THE past few years have not been easy on anyone and, in a sporting context anyway, Seonaid McIntosh has been hit as hard as anyone.

Britain’s most successful shooter looked, pre-Covid, to be on track to becoming one of Scotland’s most decorated athletes ever but the disruption to her career caused by the pandemic engendered a crisis of confidence so severe the 26-year-old admits she is worried she’ll never rediscover the form that took her to the very top of her sport.

Confidence is the most precarious of things when it comes to elite sport, something McIntosh has discovered to her detriment.

Having become world champion in 2018 the 50m prone rifle event at the age of just 22 before the following year becoming world number one and world record holder, McIntosh looked to have the shooting world at her feet.

However, being forced into what she calls “semi-retirement” by the pandemic when sporting events across the globe were cancelled saw her confidence in her ability almost entirely disappear and she admits she has moments when she wonders if it’ll ever return.

McIntosh’s dip in form was highlighted at last summer’s Olympic Games where she went to Tokyo tipped to medal but ultimately, failed to reach the final of either of her events.

In the immediate aftermath of Tokyo 2020, she admitted to being “heartbroken” and a year on, she admits she remains as bewildered by her loss of form as she ever has.

“The after-effects of the pandemic are definitely still here for me – in some ways, it felt like I was forced into retirement and my brain moved on so going back to being an athlete has been quite tricky. I don’t like complaining about it because I know people had a much worse pandemic than me but it has been tough,” the Edinburgh woman says.

“I lost a lot of confidence in my ability to shoot and also in myself and I’m still working on getting that confidence back.

“In Tokyo, I’d lost that spark and although I didn’t do badly, I definitely didn’t do anywhere near as well as I did the year before.

“In some ways, it’s harder having been at such a high level before – I know the feeling I’m looking for and in some ways, knowing that makes it more frustrating than not being sure what I’m looking for. Shooting is very much a feel sport and it’s tricky to know how to get that feeling back.”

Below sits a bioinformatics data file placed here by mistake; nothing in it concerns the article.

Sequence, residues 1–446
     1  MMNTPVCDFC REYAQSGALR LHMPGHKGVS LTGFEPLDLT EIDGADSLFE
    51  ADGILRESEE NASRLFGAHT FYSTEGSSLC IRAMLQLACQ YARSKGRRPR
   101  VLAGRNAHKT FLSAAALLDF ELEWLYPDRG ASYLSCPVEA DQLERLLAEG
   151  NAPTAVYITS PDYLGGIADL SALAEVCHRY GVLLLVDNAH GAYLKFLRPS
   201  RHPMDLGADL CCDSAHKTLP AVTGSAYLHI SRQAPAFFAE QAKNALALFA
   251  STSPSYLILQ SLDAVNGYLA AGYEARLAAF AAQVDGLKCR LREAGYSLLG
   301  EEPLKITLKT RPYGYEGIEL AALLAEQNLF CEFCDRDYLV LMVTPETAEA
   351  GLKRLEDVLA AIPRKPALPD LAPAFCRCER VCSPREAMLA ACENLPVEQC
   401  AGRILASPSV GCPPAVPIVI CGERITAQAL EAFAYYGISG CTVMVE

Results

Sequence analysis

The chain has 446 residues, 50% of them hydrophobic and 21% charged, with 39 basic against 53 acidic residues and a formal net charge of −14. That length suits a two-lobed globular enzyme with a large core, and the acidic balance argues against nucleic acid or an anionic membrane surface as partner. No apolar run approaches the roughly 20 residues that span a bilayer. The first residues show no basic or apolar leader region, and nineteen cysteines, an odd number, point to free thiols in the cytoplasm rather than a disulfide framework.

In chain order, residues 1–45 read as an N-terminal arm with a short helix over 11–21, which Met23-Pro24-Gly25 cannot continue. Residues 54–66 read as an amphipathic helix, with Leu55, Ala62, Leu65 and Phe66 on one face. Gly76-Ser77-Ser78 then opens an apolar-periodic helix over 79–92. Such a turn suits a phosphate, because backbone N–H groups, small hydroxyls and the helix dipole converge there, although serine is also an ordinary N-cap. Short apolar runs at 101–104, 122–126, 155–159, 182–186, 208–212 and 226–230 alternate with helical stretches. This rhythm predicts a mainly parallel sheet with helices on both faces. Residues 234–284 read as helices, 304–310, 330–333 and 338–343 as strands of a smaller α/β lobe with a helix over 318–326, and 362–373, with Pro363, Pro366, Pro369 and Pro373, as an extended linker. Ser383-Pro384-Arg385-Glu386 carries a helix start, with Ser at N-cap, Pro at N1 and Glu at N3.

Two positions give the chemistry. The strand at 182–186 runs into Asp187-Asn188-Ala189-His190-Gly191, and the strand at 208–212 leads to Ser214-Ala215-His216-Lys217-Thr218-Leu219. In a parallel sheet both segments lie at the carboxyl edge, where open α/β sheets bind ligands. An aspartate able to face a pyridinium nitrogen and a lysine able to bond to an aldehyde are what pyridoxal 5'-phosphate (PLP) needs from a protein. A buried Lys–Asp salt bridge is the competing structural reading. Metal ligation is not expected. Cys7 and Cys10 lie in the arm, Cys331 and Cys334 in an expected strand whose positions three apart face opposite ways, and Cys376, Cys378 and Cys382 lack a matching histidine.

There is no time like the present for McIntosh to rediscover her form.

Today in Cairo, she embarks on the World Championships and while she admits she is not as match sharp as she would like having had her season plagued by illness and injury, she is well aware that one good competition is likely to be all she needs to get herself back on the path she was on a few years ago.

After all, form is temporary but class is permanent.

“I feel like one good competition could solve it all for me,” she says.

“I know that’d be the perfect scenario but I do feel like all I need is for one event to go well and I’ll be off and running again.

“Having won the Worlds before it both puts pressure on and takes it off.

“On the one hand, I’d love to do it again – it was a great feeling in 2018 so I’d love to feel that again. But I know I have to just treat it like any other competition and not put too much emphasis on it. That can be easier said than done, though.”

At these World Championships, McIntosh has a hectic schedule; she will compete in eight events, both individual and team, giving her multiple opportunities to find her form.

However, the fact that qualification for the Paris 2024 Olympics is also at stake means there is an extra layer of pressure on the week’s competition.

“It’s crazy to be talking about Paris already. It feels like Tokyo is only just finished and already, Paris is only just over a year and a half away, it seems very soon,” she says.

“I do like having big goals like the Olympic though, it makes it easier to focus. At these Worlds, wanting a quota place for the Paris Olympics actually makes me feel more pressure than anything else.

“It’s even hard to know what would be a realistic goal for me here so I’m just going in hoping I have a good performance in me and wherever that leaves me, that’s ok – as long as I feel like I’ve performed well, I think I’ll be reasonably happy.”